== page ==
All Things Considered
All Things Considered
Tuesday, March 20, 2007

Minnesota Public Radio Stories


National Public Radio Stories

  • Congress, White House Clash on Hearing Rules
    President Bush says he will make Karl Rove and former counsel Harriet Miers available to testify — but not under oath — about the firing of eight U.S. attorneys. Sen. Patrick Leahy (D-VT) and others on the Judiciary Committee respond that the rules won't bring true accountability to the process.
  • Gonzales Known for Loyalty, Handling Problems
    The current woes of Attorney General Alberto Gonzales, whose agency is mired in a scandal of the dismissal of eight U.S. attorneys in 2006, pale when compared to his disadvantaged upbringing. And that, says at least one author, is what binds Gonzales to President Bush.
  • House Panel Threatens to Curb FBI Powers
    Members of the House Judiciary Committee say they will seek to curtail the FBI's record-gathering powers if the agency doesn't fix a raft of problems outlined in a recent report by its own inspector general. The report by the inspector general, who spoke to the panel, said the FBI used "National Security Letters" to obtain personal information improperly and illegally.
  • Michigan Cuts Arts Funding, and Trouble Begins
    In Michigan, state lawmakers have cut funding for the popular Ann Arbor Film Festival, claiming it showed material they considered pornographic. But the ACLU says the lawmakers may have overstepped their bounds.
  • Team Solves Mammoth, Century-Old Math Problem
    Scientists have solved one of the toughest problems in mathematics, performing a calculation to figure out the symmetry of a complicated 248-dimensional object known as the Lie group E8. The solution is so large that it would take days to download over a standard Internet connection.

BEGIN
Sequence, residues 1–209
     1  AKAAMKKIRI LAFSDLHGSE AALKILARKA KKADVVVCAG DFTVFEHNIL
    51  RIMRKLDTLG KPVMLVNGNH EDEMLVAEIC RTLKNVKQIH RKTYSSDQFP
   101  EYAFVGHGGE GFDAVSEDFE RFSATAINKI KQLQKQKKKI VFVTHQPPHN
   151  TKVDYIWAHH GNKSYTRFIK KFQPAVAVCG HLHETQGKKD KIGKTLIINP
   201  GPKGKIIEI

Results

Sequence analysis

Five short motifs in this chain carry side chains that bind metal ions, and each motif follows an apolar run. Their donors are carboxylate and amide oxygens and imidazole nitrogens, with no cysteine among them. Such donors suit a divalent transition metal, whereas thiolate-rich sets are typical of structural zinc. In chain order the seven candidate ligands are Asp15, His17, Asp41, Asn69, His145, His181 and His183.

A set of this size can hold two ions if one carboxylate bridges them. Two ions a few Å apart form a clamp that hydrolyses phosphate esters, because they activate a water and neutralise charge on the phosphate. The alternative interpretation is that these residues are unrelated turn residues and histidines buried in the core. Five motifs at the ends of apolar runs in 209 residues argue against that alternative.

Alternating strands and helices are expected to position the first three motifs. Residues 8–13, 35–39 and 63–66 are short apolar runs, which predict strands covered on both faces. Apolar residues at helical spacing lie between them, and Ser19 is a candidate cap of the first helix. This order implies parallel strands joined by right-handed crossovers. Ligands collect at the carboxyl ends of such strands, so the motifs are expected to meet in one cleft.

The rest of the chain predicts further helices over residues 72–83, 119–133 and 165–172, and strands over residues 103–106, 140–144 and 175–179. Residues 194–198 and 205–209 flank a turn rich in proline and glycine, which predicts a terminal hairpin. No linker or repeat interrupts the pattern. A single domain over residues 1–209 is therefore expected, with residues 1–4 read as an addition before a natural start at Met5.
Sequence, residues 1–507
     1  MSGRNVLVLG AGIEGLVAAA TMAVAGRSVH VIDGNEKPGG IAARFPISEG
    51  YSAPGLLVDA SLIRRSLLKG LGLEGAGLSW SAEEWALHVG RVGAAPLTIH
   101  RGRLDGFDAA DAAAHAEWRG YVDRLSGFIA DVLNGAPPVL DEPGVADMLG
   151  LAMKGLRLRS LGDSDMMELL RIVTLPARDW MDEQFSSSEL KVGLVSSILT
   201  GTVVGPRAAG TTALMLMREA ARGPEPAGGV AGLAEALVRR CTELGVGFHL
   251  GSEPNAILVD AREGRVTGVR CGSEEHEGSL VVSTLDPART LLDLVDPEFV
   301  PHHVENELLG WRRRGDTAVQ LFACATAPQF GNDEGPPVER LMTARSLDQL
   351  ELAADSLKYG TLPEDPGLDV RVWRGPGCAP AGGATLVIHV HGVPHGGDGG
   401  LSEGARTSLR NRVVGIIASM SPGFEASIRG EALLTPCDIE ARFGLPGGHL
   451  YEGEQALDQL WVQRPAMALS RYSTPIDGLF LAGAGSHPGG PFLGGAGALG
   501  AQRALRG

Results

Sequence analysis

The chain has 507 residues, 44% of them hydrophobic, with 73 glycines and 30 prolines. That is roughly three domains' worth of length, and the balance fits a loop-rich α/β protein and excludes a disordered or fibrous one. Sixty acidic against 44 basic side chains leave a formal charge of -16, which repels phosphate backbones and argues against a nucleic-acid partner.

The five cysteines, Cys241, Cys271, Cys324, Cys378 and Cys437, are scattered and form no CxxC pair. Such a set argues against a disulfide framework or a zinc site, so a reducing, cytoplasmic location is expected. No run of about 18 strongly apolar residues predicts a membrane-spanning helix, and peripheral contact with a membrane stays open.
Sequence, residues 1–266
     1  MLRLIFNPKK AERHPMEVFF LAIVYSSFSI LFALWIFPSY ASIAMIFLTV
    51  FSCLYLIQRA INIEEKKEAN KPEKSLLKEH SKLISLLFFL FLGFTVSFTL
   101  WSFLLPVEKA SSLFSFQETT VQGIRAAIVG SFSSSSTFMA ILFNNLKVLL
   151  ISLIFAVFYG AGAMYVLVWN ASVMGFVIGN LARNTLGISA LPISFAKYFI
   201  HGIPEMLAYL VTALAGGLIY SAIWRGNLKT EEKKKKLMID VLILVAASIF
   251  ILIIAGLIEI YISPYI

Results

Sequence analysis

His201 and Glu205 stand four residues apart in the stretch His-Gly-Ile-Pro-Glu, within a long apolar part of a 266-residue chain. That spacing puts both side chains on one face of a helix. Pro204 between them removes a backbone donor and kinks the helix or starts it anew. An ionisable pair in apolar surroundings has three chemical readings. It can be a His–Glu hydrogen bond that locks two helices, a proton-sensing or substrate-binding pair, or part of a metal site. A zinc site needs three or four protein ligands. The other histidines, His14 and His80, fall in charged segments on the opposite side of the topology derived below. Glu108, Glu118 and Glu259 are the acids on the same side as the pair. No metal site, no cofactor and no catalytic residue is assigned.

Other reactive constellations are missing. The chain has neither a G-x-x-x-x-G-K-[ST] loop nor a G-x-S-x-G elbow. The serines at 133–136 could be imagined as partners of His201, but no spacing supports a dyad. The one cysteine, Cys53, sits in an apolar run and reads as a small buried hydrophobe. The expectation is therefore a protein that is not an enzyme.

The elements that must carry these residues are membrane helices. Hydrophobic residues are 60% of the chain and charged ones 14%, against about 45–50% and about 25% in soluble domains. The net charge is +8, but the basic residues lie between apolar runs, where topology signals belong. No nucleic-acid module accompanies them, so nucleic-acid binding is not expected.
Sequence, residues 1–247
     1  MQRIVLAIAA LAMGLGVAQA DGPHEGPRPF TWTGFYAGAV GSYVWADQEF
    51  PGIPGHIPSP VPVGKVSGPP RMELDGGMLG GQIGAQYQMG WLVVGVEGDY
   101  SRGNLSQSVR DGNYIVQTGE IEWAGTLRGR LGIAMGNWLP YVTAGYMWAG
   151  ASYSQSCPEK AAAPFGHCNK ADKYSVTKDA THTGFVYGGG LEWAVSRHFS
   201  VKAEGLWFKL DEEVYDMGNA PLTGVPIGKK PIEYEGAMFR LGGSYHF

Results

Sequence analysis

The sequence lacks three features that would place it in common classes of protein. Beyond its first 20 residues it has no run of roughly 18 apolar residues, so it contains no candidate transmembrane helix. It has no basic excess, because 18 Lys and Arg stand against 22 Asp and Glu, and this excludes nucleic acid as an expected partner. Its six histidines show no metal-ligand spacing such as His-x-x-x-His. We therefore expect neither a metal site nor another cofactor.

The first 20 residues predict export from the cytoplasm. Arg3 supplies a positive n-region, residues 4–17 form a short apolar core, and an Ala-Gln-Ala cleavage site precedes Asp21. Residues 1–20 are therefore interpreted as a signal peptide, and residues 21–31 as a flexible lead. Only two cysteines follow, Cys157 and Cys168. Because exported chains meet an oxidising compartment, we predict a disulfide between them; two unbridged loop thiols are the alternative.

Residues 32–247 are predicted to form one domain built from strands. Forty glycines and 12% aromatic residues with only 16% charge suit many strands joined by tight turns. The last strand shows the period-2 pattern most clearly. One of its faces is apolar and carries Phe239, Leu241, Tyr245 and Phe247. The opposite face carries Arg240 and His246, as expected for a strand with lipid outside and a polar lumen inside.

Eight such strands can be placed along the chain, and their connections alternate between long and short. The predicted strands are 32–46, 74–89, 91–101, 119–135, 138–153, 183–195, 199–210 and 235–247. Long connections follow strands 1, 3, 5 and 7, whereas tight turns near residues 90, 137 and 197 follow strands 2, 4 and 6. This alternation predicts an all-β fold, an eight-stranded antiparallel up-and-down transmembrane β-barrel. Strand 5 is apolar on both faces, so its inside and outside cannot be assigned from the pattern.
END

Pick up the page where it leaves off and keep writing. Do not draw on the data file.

• Seattle Refinery Rides Biodiesel Boom Into Big Time
    The Seattle Biodiesel refinery started out in a little warehouse just a couple of years ago, making a few thousand gallons of eco-fuel a day for local buses. Now it has mushroomed, attracting hundreds of millions of dollars in investment and building a large plant.
  • 'Consumer Reports' Alters Testing Policies
    In January, Consumer Reports announced it was withdrawing the results of a test on the safety of infant car seats because of questions about the reliability of its data. The magazine says it will change the way it tests new products.
  • Lakota Indians Use Defense Tool to Boost Language
    The Prairie Island Indian Community wants to revive its language with a tool developed by the Defense Department. The Phraselator can aurally translate pre-programmed phrases. For instance, someone saying words in English would then hear the phrase in Lakota Dakota.
  • Young Pianist Ready to Be Jazz Ambassador
    Composer and pianist Robert Glasper grew up listening to his mother sing in churches and night clubs in Houston. On In My Element, Glasper delivers his brand of jazz to a hip-hop generation.
  • Senate Votes to Resume Attorney Confirmation
    By a vote of 94-2, senators agree to rescind a provision that had been quietly slipped into a reauthorization of the Patriot Act last year. No longer will the attorney general have powers to appoint interim federal prosecutors indefinitely and without Senate confirmation.

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